Thursday, January 04, 2007

Galaxy Beads

Take a look at my first attempts at the "Galaxy Bead" project in Katherine Duncan Aimone's new(ish) book, Polymer Clay: The Art of Jewelry. (The book was a Christmas gift from my parents. Thanks, Mom and Dad!) The photo quality's not much, but it'll have to do for now. It's too dark to take a decent photo (since I normally use natural light). At least you can get the basic impression:

The project was contributed by Jennifer Bezingue. I didn't recognize the name, but the beads (and another, similarly styled project she contributed to the book) are absolutely gorgeous, I think.

I had fun with the project, though it was a little bit of slow going at first. Even by the last bead I made, they're still rather time-consuming beads to make. I'm sure I could crank them out faster by pre-cutting the appliques, but I like to see what I need for each bead as I go. Besides, I don't really need to crank them out.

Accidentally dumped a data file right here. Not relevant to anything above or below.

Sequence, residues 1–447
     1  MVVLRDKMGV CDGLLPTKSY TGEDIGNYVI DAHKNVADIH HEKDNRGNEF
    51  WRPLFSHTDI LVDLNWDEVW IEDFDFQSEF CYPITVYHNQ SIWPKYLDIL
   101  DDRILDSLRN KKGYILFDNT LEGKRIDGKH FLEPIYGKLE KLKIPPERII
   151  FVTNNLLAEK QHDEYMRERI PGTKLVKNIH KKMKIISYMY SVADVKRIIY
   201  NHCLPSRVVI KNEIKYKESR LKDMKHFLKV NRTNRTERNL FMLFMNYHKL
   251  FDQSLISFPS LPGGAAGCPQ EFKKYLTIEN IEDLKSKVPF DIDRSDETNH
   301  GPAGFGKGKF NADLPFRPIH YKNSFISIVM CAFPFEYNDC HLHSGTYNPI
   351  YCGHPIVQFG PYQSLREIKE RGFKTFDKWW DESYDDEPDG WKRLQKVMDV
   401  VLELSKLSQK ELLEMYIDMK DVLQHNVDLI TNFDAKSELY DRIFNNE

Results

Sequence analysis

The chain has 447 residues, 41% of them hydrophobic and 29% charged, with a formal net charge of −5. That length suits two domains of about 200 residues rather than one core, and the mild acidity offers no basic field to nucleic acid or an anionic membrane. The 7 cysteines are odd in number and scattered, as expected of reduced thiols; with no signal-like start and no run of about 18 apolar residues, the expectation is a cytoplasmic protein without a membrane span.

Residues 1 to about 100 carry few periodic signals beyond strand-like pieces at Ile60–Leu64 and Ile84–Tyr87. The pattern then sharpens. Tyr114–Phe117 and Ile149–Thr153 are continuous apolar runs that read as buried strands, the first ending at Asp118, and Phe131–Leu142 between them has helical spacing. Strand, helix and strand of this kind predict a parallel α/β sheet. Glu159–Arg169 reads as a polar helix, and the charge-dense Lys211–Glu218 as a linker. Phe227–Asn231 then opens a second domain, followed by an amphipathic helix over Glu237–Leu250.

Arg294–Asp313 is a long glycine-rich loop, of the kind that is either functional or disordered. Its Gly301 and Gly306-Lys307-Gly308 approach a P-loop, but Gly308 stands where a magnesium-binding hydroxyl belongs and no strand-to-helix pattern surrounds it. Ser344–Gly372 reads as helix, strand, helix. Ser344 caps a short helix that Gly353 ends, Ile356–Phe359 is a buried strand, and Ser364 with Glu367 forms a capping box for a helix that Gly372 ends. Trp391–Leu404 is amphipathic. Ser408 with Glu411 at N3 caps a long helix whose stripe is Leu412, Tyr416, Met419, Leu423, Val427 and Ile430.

One thing I had a little trouble with-- in the book, many of the appliques are these darling little stars-- far, far smaller than the smallest star-shaped cutter I have (the Makin's Clay brand of cutters). I ended up using mostly the hand-cut swirls and drinking straws to cut circles and crescent moons. I think the moons turned out pretty well, but I really loved the look of the stars, so I'm putting that on my "Maybe Someday" wish list, assuming I can ever even find a place that sells such tiny shape cutters. Art stores on-line probably do...

So, anyway, fun project, beautiful beads. I'm looking forward to trying it again, maybe with a few twists on the basic idea next time.


Elaine said...

You did an absolutely fabulous job with these!

And yeah, I think every single little teeny tiny kemper cutter is on my wishlist.

Michael said...

Thanks, Elaine!

The teeny tiny ones do seem to be the most useful for those of us who do small work. I have some small "cookie cutter"-style cutters, and they're great for some things, but they're nowhere near small enough for this project.